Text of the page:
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Diminishing Returns: Algeria’s 2002 Legislative Elections


OVERVIEW

OVERVIEW

Multiparty parliamentary elections are a comparatively recent innovation in Algeria, and in each instance to date the outcome has been overshadowed by the process that preceded or followed it. The first, held at the end of 1991, were cancelled before the second round of voting had taken place. The parliament, which would otherwise have been dominated by the Islamic Salvation Front (FIS), never came into being and Algeria went through a period of overtly unconstitutional rule dominated by the army commanders.

In June 1997, Algerians elected their first multiparty National Popular Assembly (APN) since the country’s independence in 1962. However, the parliament’s legitimacy was marred from the outset by serious allegations of vote-rigging and other electoral manipulation.

Algerians returned to the polls on 30 May 2002, after the term of that parliament expired. This time the elections were marked by a high abstention rate (over 50 per cent of the registered voters).

In short, one might be tempted to conclude that in 1991 Algerians voted but their votes were negated; in 1997 they voted but their votes were rigged; and in 2002 they simply did not vote.

However, the 2002 elections carry a deeper significance, in terms of:

q              Popular attitudes, a mixture of displeasure, apathy and, in the case of Kabylia, the largely Berber region which is the country’s most troubled, even rage;

q              Re-composition of the political space, with  resurgence of the former single party, the National Liberation Front (FLN), collapse of the previously dominant Democratic National Rally (RND), endurance of an Islamist current in the form of Djaballah’s Movement for National Reform, and emergence of the Workers’ Party at the head of the “secular-democratic” opposition; and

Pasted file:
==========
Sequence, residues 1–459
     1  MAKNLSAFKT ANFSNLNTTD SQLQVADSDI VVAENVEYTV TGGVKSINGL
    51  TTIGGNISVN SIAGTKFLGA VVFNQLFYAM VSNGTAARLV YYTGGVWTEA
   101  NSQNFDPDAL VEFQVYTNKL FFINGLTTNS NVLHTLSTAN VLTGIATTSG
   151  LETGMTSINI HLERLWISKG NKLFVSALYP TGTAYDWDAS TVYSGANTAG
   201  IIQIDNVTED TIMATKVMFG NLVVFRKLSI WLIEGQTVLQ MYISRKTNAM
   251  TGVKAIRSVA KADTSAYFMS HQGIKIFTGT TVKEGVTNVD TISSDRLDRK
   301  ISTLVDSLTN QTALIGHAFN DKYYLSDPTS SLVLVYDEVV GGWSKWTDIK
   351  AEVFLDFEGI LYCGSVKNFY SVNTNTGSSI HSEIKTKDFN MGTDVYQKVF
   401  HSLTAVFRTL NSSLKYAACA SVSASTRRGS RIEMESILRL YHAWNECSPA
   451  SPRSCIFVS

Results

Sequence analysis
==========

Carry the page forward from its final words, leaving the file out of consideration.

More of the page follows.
q              The future course of Algeria’s policy.

In many ways, Algeria is at a critical juncture: Islamist-inspired and other forms of violence that raged throughout the 1990s have been partially subdued, but attacks by the Armed Islamic Group (GIA) and the Salafist Group for Preaching and Combat (GSPC) still claim around 100 victims a month. Economic reforms that received international plaudits so far have failed to improve living standards and have cost more jobs than they have created. The return of ostensibly democratic institutions, most notably the outgoing parliament elected in 1997, disappointed expectations both in terms of origins, marred by allegations of vote-rigging, and track record, marked by an almost total lack of influence over governmental actions.

In short, Algeria has yet to recover fully from the decision to cancel the elections in 1991-1992 and the ensuing war that has been civil in name only. The country’s rulers must overcome a decade of continuing violence, political fragmentation and a significant gap between themselves and their citizens. Against this backdrop, Algeria’s leaders and political parties (in power and in opposition alike) face the daunting task of recapturing the confidence of ordinary Algerians. This will require, above all, a greater focus on the everyday challenges they face and an ability to translate reform programs from theory into practice. Unless they can achieve this, the political elites will have gained only a poisoned chalice.

This briefing paper examines the background and results of the elections and looks at what they might mean in terms of Algeria’s efforts to end its ten-year crisis. It will be followed by more extensive reporting on Algeria’s domestic situation and the situation in Kabylia.

 




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